President Somerson Announces Actions to Advance Social Equity at RISD

July 15, 2020

Dear RISD Community,

Over recent weeks BIPOC students, faculty, staff and alumni have voiced outrage about RISD’s multiple racist issues centered around deeply embedded practices and structures as well as how white voices and Western perspectives dominate our curricula. Unfortunately, these issues are not new; they have pervaded systems and structures at RISD for decades, largely unchanged.

Artists and designers are vital contributors to local and global communities, and as such it is our responsibility to be fully committed to building more democratic and equitable practices. Those practices must first be amended in our own institution. As the leader of RISD, I take responsibility for having allowed a culture to continue to exist that does not fully live up to our values.

This plan is a commitment to action, and its initiatives are in response to the student-led RISD Anti-Racism Coalition (risdARC) and the group of BIPOC faculty that has been working passionately to instigate much-needed change at RISD. Together, their demands have deeply informed our planning.

Today we are committing to a new set of actions to inspire a better RISD—a RISD where students, faculty and staff of all races, ethnicities and cultures are supported, nourished and honored without the impediments of systemic racism. RISD must reflect the complexity of the world and demonstrate the critical role of artists and designers in advancing change.

Each action outlined here will lead us on a progessive path forward. Yet this set of initiatives is just a beginning. We must and will take many more steps to fundamentally advance change. To that end, I am fully empowering Senior Advisor to the President and Associate Provost Matthew Shenoda with additional, meaningful authority to oversee this transformation. We will work closely together in partnership with Provost Kent Kleinman, the deans, the full Cabinet and our faculty, students and staff to ensure that SEI’s work impacts every aspect of RISD.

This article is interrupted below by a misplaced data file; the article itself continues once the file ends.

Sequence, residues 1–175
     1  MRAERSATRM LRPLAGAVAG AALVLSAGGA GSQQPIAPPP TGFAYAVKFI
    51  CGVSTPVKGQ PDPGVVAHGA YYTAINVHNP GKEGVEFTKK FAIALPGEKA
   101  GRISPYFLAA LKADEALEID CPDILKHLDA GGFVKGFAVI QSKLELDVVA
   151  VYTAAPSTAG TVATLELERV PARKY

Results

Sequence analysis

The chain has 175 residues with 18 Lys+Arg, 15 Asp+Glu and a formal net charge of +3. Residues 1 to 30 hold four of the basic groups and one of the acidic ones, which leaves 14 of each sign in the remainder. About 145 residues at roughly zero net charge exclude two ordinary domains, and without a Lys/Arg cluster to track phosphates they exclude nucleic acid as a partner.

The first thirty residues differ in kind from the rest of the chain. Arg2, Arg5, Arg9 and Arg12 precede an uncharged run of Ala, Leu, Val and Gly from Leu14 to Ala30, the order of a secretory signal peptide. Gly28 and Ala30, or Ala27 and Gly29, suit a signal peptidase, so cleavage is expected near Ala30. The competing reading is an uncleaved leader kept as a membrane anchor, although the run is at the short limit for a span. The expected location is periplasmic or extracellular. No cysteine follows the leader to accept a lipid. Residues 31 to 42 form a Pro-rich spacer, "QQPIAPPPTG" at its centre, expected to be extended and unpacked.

We repeatedly heard from our community that the most definitive transformation we could make would be to increase the diversity of our faculty and that of their scholarship and pedagogy. I am pleased to announce that through the support of one of the largest gifts in our history, RISD will launch a cluster-hire initiative—the hiring of multiple scholars based on shared, interdisciplinary scholarship and research interests. This will bring 10 new faculty members to RISD in academic year 2021/22 with expertise in issues of race and decoloniality in the arts and design. This initiative will launch a fundamental transformation toward diversifying and expanding our curricula. Additional details regarding the gift and the cluster hire will be announced soon.

We are committed to consequential, scaled change. Evolving our college, museum and community is not just about eliminating racism; it is about being proactively anti-racist. These next steps for moving RISD forward are just that: critical next commitments. They should not and cannot be viewed as a simple checklist with a near-term endpoint. In the past few weeks we have heard from numerous voices that make clear the complexity and interrelationships of these issues. These will require ongoing, full-on efforts to make substantive, meaningful and durable change. This is the beginning of that change.

Rosanne Somerson


We will launch a new, multiyear cluster-hire initiative
Through generous donor support, this fall RISD will launch searches for a cohort of 10 new faculty members to build a network of scholars and practitioners committed to teaching and conducting research and practice on issues of decoloniality, race, racism and ethnicity in art and design and in their diverse fields of specialization. The program will be overseen and led by Senior Advisor to the President and Associate Provost Matthew Shenoda in conjunction with the Provost. In addition to the cluster hires, RISD commits to continuing to further build the diversity of our faculty and their expertise, including expectations for inclusive pedagogy and cultural competency in every search description.

We will transform our search and hiring processes
Hiring at all levels will be focused on the goal of increasing diversity across the institution. At the leadership level, we acknowledge that appointments outside of an open search can undermine our commitment to diversity. Therefore, with the full endorsement of department heads and other institutional leaders, all searches going forward at the level of director and above will be conducted through an open search process. The search process will be supported by Talent Acquisitions Partners in Human Resources, which will leverage its networks and specialized knowledge to expand outreach and applicant pools.